The Covid-19 crisis caused a major economic slowdown worldwide. We need to mitigate the slowdown in a sustainable manner that not only provides short term stimulus, but also supports long-term growth, fairly distributed across the globe. Moreover, there are major challenges facing the financing of the Sustainable Development Goals (SDGs). This proposal aims to formulate a solution for both of these challenges.
What is the SDR?
The Special Drawing Rights (SDR) is an international reserve asset, created by the International Monetary Fund in 1969, to supplement its member countries’ official reserves. The value of the SDR is based on a basket of five currencies—the U.S. dollar, the euro, the Chinese renminbi, the Japanese yen, and the British pound sterling. The SDR serves as the unit of account of the IMF and some other international organizations. The SDR is neither a currency nor a claim on the IMF. Rather, it is a potential claim on the freely usable currencies of IMF members. SDRs can be exchanged for these currencies.
The SDR has been suggested as a global currency by Nobel laureate Joseph Stiglitz, among others.
The Global Financial Crisis vs. the COVID-19 Crisis
During the Global Financial Crisis, the G20 approved in April 2009 that the IMF issues the equivalent of $283 billion in SDR to be added to IMF member countries reserves according to their shares in the Fund. This allocation can play a role in providing liquidity and supplementing member countries’ official reserves.
In the current Covid-19 crisis, the Managing Director of the IMF, Kristalina Georgieva, made a statement on 23 March 2020 in which she indicated that:
Several low- and middle-income countries have asked the IMF to make an SDR allocation, as we did during the Global Financial Crisis, and we are exploring this option with our membership.
Probably a better proposal is to have the SDR as a development currency. That is, the SDR can be injected into the capital of Multilateral Development Banks to support sustainable development of member countries. In this manner, the currency is used for objectives directly serving the SDGs rather than budget financing which tends to depress long-term development of the country. Moreover, this approach will give better treatment to developing and least developing countries, as their shares in the IMF are relatively small. Hence, their benefits from the injected SDR will be limited.
The allocation of the SDR to MDBs will be, of course, in coordination with the IMF and its shareholders. The IMF may issue two tranches of SDR: one for its shareholders (as it did during the GFC), and one for the MDBs. The SDR allocated to MDBs can be distributed in proportion to each MDB’s capital.
This is a shift from the prevailing rule that the SDR can be used only by central banks of the member countries of the IMF. However, this shift is motivated by the need to have a sustainable source of funding sustainable development. Sustainable development is a public good, and only institutions like the IMF and the MDBs can offer this good to the global economy.
It should be noted that the proposal to use SDR to support development is different from the prevalent proposals to use the SDR as a global currency or “helicopter money”. We think that restricting the new role of the SDR to target sustainable development will be of especially added value to the world economy.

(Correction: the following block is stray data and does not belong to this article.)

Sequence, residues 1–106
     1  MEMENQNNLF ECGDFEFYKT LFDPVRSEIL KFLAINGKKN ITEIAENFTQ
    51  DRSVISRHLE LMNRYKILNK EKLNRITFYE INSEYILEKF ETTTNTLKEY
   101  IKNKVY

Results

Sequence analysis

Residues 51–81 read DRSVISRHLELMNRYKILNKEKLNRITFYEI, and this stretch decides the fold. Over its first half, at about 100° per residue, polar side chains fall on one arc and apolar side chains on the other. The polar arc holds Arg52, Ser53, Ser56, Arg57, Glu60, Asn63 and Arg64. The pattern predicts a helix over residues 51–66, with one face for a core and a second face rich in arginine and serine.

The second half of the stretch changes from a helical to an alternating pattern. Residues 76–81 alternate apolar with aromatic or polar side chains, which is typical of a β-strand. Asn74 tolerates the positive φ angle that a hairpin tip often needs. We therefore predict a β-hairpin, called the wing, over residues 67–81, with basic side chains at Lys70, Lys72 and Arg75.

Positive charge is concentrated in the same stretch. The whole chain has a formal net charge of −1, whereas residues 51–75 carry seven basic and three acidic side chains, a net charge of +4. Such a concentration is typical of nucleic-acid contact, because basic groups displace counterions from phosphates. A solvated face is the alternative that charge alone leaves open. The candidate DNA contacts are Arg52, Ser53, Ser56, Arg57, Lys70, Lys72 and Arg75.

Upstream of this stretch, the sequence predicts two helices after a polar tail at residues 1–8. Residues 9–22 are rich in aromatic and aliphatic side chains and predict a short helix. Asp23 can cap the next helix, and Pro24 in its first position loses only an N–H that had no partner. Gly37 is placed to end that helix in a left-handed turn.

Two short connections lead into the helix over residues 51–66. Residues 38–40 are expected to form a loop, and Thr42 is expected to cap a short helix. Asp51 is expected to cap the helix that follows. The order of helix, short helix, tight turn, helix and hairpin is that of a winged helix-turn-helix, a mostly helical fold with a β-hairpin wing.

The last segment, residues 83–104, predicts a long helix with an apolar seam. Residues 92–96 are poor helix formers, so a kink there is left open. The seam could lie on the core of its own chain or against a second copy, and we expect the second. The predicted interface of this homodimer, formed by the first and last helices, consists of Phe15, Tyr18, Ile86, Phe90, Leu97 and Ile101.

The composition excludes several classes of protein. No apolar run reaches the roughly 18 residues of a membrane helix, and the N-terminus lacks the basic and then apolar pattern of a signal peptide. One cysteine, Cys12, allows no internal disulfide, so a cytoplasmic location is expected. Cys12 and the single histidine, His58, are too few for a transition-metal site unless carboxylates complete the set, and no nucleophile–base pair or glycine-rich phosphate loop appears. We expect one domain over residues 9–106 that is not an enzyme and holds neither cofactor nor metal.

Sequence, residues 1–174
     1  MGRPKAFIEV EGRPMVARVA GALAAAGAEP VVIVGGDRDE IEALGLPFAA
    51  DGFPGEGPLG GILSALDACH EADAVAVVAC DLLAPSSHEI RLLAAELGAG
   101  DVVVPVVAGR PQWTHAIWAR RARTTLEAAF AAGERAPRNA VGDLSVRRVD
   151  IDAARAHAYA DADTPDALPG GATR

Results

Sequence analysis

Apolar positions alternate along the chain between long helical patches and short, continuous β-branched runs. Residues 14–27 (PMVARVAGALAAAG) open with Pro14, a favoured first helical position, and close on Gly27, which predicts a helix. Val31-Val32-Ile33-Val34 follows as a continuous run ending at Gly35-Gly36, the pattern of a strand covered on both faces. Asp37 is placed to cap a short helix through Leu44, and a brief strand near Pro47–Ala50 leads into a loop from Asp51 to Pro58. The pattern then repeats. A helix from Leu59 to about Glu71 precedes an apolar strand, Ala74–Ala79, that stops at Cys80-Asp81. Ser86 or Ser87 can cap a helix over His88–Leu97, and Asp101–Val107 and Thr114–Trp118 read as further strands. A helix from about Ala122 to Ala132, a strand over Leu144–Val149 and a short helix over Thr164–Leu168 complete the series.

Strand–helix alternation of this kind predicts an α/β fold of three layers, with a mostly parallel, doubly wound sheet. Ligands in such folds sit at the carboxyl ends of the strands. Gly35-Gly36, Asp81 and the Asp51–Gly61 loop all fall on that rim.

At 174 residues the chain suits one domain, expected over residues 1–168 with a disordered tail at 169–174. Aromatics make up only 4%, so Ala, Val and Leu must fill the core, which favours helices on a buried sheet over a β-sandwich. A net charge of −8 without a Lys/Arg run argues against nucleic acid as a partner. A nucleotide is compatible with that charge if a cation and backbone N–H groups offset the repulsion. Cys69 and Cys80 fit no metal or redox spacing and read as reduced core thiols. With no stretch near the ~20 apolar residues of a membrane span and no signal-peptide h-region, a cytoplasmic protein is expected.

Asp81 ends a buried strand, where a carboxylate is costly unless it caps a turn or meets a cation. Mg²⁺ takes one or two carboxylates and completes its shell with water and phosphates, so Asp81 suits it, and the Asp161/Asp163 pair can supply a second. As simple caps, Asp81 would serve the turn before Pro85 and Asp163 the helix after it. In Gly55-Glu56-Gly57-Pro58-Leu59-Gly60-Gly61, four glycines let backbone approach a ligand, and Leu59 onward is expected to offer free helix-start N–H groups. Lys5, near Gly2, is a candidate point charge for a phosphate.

SDG Smart Cryptocurrency
Another layer of improvement can be introduced using the blockchain-based crypto-asset technology. This as such is not a new idea. Former IMF Managing Director Christine Lagarde raised the possibility of launching a digital version of the SDR, dubbed “IMFCoin”. What is probably new is linking the crypto-SDR to development objectives through MDBs.
If the IMF issues crypto-SDR, the currency can be easily traced and monitored, and thus its impact can be easily evaluated. The blockchain technology and smart contracts allow for transparency and verifiability of the use of the crypto-SDR funds, which greatly enhances the proper governance of development financing.
By dedicating the crypto-SDR to development, the IMF and the MDBs will be able to issue “crypto-SDG smart currency” (or c-SDR for short): A blockchain-based currency dedicated to support the Sustainable Development Goals. Using smart contracts, the currency can be directed to serve the KPIs of the SDGs. Technology will make it possible to trace and verify the use and performance of the new currency in achieving the desired objectives.
The smart SDG cryptocurrency might be a valuable source for funding the implementation of the SDGs, given the $2.5 trillion per year SDG financing gap.
The smart crypto-SDR can be used to support member countries through more than one mechanism. To respect the current rule of restricting the SDR to central banks (in general), the following mechanisms operate through the central bank of the member country.
Another possible channel would be to support trade among MCs using the c-SDR. For this purpose, a trade (e-commerce) platform can be created to support trade among producers in MCs using the c-SDR. The exchange of local currency for the c-SDR shall be through the central bank.
In all cases, the c-SDR and the associated nc-currency will be used to support the objectives of the Sustainable Development Goals.
The SDR can become the currency for sustainable development using modern technologies. The G20 has the power to change the future of development financing by expanding the effective use of smart crypto-SDR to fund the achievement of the SDGs.
The author is grateful to colleagues at the Islamic Research and Training Institute and the Islamic Development Bank for helpful and fruitful discussions. The opinions presented in this Brief do not necessarily reflect the views of the Islamic Development Bank.